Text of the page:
Statement: our common European future

Europe finds itself at a historic junction. In the last 60 years after signing the Treaty of Rome, the continent has seen peace, prosperity and progress. However, the very foundations of our common project have been called into question by rising populism and nationalism. This is not merely a European matter: on a world-wide scale, inclusive sustainable development has been tossed aside in favour of short-term crisis management, inducing increasing inequalities and precarious living and working conditions.

In contrast, SOLIDAR as a progressive civil society network has a different vision for our common future! 

The promises of just globalisation have been eroded by a recent obsession with austerity driven policies combined with the financialisation of our economies, the economisation of social, cultural and education sectors and the “launch” of a new arms race. The pursuit of policies to erase economic, social and cultural rights, reduce social development expenditure and investment for the benefit of the happy few rather than communities at large has had a devastating effect on people’s trust in democracy, deliberative decision making and established institutions, including the European institutions. People feel the need for change and require protection in uncertain times. Unfortunately, right wing and populist movements (represented by people like Trump, Duterte, Putin, al-Assad, Orban, Kaczynski, Erdogan and others) are abusing this sentiment to gain support and retract from our common future, locking people in nationalist, racist and even violent rhetoric that has disastrous effects.

Change is needed, but only the kind of change and transitions that will restore peace, prosperity and progress. Key parts of the 2030 Agenda for Sustainable Development offer this transformational and universal framework for our common future and provide sustainable responses to today’s challenges. It brings us back to the pursuit of equality of income, knowledge and power, making our social justice cause distinct from neoliberal and illiberal tendencies. For that reason the SOLIDAR board meets in Rome in the midst of the pro-Europe mobilisation celebrating the 60th anniversary of the Treaty of Rome, reminding leaders that their predecessors united in their resolve to “….confirm the solidarity which binds Europe and the overseas countries and desiring to ensure the development of their prosperity…” and call upon them to change course.

The time has come not for a new narrative, but for a change of policies to rebuild citizens’ trust in a renewed European integration project which is more than only Treaty and institutional changes.

Change needs to be based on solidarity, equality and social justice. Our vision for a common European future is built on social justice touchstones for Europe and world-wide that include:

  • Ending and preventing violent conflict and wars. End the spread of nuclear, chemical, biological and (advanced) conventional weapons. Promote peace and peaceful coexistence.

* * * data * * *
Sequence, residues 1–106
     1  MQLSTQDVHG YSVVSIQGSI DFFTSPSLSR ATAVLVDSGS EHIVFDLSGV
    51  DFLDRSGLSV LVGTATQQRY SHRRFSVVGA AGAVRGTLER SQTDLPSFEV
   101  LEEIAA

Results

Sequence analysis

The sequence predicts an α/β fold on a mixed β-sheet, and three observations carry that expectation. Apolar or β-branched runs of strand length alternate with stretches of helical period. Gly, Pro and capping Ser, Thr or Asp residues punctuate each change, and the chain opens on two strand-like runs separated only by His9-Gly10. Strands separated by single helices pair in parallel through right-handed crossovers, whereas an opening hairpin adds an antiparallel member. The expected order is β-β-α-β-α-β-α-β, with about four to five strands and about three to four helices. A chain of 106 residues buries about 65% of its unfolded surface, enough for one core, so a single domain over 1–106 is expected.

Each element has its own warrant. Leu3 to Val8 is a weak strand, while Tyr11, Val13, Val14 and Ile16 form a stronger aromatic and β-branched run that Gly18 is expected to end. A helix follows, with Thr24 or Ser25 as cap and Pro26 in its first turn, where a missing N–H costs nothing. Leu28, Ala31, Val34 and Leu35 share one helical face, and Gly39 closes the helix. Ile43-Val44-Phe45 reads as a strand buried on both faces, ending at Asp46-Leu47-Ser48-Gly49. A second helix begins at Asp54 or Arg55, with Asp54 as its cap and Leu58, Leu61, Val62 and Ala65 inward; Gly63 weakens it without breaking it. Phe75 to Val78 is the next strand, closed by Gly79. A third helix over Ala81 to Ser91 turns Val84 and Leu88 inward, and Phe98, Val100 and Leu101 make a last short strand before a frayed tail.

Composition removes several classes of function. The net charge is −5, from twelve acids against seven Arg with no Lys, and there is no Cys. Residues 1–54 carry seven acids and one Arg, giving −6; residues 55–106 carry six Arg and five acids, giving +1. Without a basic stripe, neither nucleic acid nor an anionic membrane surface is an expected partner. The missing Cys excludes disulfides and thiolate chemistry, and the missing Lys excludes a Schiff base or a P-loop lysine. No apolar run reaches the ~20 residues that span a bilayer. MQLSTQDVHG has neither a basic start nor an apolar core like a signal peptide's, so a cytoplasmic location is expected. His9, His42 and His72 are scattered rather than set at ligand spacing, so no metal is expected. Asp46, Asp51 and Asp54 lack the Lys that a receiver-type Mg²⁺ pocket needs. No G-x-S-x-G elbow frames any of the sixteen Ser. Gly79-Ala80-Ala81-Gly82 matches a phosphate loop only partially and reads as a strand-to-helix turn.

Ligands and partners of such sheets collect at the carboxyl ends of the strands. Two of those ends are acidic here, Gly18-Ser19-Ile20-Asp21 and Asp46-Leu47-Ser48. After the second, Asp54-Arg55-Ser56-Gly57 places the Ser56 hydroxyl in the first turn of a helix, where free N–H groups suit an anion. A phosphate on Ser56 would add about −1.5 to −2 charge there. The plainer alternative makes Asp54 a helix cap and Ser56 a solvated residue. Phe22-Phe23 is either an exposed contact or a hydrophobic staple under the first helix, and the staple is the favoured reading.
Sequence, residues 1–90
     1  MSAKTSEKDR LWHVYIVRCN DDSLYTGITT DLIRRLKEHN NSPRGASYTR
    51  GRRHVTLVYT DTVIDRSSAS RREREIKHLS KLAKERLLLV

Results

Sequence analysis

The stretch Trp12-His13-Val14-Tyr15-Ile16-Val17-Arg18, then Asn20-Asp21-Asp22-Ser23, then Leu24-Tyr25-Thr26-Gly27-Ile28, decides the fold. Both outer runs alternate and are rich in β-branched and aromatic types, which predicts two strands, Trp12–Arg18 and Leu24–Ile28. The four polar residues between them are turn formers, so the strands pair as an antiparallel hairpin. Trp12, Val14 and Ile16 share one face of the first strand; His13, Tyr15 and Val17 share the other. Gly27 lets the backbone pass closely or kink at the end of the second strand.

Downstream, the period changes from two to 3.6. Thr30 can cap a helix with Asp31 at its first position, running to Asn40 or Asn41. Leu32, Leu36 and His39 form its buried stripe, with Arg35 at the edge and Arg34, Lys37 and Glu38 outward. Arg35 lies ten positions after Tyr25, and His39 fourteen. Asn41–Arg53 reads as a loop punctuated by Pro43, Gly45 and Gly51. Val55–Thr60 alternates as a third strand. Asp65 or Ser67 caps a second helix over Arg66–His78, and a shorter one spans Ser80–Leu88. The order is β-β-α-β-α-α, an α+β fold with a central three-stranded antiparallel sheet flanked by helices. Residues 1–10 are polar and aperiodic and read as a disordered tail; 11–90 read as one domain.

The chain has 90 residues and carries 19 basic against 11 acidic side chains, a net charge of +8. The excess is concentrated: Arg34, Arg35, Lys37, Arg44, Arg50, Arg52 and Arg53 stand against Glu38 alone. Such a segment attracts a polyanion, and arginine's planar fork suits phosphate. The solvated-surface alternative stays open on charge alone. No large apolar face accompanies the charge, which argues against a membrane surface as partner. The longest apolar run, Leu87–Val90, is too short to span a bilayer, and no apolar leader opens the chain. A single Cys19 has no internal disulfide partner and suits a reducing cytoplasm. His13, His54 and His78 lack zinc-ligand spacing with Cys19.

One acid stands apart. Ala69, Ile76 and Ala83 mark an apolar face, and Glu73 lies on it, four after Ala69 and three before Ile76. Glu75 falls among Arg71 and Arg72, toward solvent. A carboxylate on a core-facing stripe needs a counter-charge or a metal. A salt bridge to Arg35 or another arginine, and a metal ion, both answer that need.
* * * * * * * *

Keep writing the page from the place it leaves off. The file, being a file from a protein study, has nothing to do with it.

• Applying a democratic rule of law that enables citizens to live together in our communities and facilitates integration.
  • The reinforcement of deliberative and participatory democracy to strengthen social cohesion in our societies, deliberately being torn apart for personal gain. 
  • Ensuring universal access to quality social services because these services increase human capital and support inclusion.
  • Ending corporate and private tax fraud and tax evasion in order to generate the revenues that are now absent and needed for investment in sustainable development and limit the risk of excessive income inequality
  • Ensuring effective guarantees against entrapment, making a second chance a right, by providing a basic set of social guarantees that allow for a decent standard of living.
  • Establishing employment at a living wage; by setting minimum wages at an adequate standard of living.
  • Promoting and implementing stronger equality legislation. It should include tools to deliver on women’s economic independence; rights to social protection, gender equal taxation and the effective combating of in-work poverty.
  • Full access to fundamental rights and equal opportunities for migrants, by enhancing equal access to economic, social and cultural rights and services.
  • Ensuring non-discrimination and equal treatment for vulnerable, marginalised and excluded groups as well as promoting plurality in society through challenging racism, xenophobia and violence.
  • Ensuring access to quality and affordable non-formal and informal learning and vocational education and training for those most at risk of poor skills proficiency.
  • Ensuring public investment to build sustainable social protection systems that empower people to participate in society and have access to decent work prospective.


Photo © European Communities , 1992   /  Source: EC - Audiovisual Service

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